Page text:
The Asian Development Bank (ADB) and the Government of Nepal conducted a Tripartite Portfolio Review Meeting of ADB-supported projects in the country to improve project implementation, which will help deliver timely and effective development results on the ground.
“We appreciate the active participation of all stakeholders in the portfolio review,” said ADB Country Director for Nepal Mukhtor Khamudkhanov. “ADB values its partnership with the government and the leadership shown by the Ministry of Finance to improve project implementation for successful and timely development outcomes.”
“The Gautam Buddha International Airport under the South Asia Tourism Infrastructure Development Project is a good example of how leadership and improved implementation arrangement can positively impact the progress of a project. It is one of the projects that has met both its contract awards and disbursement targets for this year.”
ADB disbursed $227.3 million in the first ten months (January to October) of 2019 which is higher compared to the same period last year. Of the net available funding amount of $2.96 billion spread over 31 investment projects and 2 program loans, 54% has been contracted out and 55% has been disbursed as of 31 October 2019.
“Challenges remain in ensuring speed and efficiency in project delivery, and such review meetings provide an excellent platform to highlight key issues of project implementation and agree on critical actions,” said Secretary (Revenue) Sishir Kumar Dhungana. He further added, “The executing and implementing agencies should be more sensitive for timely completion of the projects so as to get the expected results on the ground.”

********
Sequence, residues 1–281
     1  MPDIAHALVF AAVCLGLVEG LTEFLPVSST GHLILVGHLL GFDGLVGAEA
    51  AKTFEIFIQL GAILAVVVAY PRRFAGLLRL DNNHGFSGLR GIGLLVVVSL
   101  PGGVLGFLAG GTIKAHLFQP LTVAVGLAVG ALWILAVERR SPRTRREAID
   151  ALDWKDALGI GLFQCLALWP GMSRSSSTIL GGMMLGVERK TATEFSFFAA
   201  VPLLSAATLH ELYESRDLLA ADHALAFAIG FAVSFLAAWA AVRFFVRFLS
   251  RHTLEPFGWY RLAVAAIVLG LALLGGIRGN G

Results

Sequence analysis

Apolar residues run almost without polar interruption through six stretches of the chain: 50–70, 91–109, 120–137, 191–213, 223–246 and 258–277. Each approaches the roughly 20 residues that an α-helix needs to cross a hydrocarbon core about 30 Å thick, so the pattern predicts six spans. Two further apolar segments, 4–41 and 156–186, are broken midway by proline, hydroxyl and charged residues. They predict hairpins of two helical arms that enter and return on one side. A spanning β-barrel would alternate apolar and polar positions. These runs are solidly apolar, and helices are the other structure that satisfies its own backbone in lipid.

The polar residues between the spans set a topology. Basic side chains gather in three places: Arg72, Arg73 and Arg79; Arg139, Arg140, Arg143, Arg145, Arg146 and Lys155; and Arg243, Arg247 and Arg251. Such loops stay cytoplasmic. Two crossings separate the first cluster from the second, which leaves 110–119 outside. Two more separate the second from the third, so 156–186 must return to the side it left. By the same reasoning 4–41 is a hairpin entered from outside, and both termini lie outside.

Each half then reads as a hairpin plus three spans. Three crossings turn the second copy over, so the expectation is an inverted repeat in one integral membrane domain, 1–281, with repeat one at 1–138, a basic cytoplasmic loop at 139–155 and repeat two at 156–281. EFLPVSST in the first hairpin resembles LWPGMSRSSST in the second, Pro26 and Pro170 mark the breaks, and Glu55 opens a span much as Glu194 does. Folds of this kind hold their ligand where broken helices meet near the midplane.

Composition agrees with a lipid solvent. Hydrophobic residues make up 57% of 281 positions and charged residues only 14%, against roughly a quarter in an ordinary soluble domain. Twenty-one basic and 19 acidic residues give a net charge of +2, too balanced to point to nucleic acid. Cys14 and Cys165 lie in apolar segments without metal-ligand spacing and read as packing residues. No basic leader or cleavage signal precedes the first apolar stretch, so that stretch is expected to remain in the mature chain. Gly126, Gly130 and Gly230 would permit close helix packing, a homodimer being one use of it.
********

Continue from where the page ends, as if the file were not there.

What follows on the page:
ADB has recently approved its latest country partnership strategy for Nepal, 2020–2024, which focuses on three priority areas: improved infrastructure for private sector-led growth, improved access to devolved services, and environmental sustainability and resilience. Under the new strategy, ADB expects to lend an estimated $500 million to $600 million on average during 2020–2022.
“As the volume of lending increases and the portfolio grows in the future, it is even more important that we pay attention to timely contract awards and disbursements. Successful project implementation is key to bringing results on the ground and improving the lives of Nepali people,” said Khamudkhanov. “ADB will continue to help executing and implementing agencies strengthen their capacity to plan, design, and implement ADB projects.”
Since its establishment in 1966, ADB has provided almost $6 billion in financial and technical assistance to Nepal. The assistance was provided in energy, transport, water supply and urban infrastructure services, agriculture and irrigation, and education.
ADB is committed to achieving a prosperous, inclusive, resilient, and sustainable Asia and the Pacific, while sustaining its efforts to eradicate extreme poverty. In 2018, it made commitments of new loans and grants amounting to $21.6 billion. Established in 1966, it is owned by 68 members—49 from the region.